The European Commission and the US Department of Justice have given the go-ahead to Google's $12.5bn (£10.4bn) acquisition of Motorola Mobility (MMI), the US handset and set-top box maker – a move that will open a new and potentially explosive chapter in the fight over smartphone patents.
China must also do the same before the merger can be completed.
The approval puts Google and Apple at loggerheads as the Motorola subsidiary tries to squeeze the iPhone maker for payments on patents that chipmaker Qualcomm, an iPhone chip supplier, says have already been licensed.
But in a clear shot across Google's bow, the US Department of Justice said in a statement accompanying its approval that while Apple and Microsoft had made clear commitments over licensing of "standards-essential patents" (SEP) for use in smartphones, "Google's commitments were more ambiguous and do not provide the same direct confirmation of its SEP licensing policies." For that reason, the DoJ would continue to monitor the market and "will not hesitate to take appropriate enforcement action to stop any anticompetitive use of SEP rights".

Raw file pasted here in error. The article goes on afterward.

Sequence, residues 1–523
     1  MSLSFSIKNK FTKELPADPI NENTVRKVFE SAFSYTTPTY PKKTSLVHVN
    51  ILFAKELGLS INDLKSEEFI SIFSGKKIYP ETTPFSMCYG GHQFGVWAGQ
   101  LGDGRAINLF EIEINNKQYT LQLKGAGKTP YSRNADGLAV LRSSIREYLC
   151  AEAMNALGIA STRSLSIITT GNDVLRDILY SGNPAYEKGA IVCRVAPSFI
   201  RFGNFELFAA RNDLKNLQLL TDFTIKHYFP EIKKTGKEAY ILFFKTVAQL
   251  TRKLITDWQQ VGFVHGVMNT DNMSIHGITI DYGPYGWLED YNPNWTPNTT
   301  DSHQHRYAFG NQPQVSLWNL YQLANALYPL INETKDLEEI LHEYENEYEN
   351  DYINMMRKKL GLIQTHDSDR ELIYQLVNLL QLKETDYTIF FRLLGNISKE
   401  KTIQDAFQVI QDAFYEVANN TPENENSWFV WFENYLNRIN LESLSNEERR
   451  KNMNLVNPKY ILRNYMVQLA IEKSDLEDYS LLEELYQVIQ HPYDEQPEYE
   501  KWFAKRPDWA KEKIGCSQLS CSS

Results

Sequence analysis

The EC had a similar warning. Following an extended review of the proposed merger, on which the two companies shook hands in August, the EC declared on Monday evening that it has decided that the deal would not affect the supply of Android software to other handset makers. But Joaquin Almunia, the EC's competition commissioner, warned that "the commission will continue to keep a close eye on the behaviour of all market players in the sector, particularly the increasingly strategic use of patents."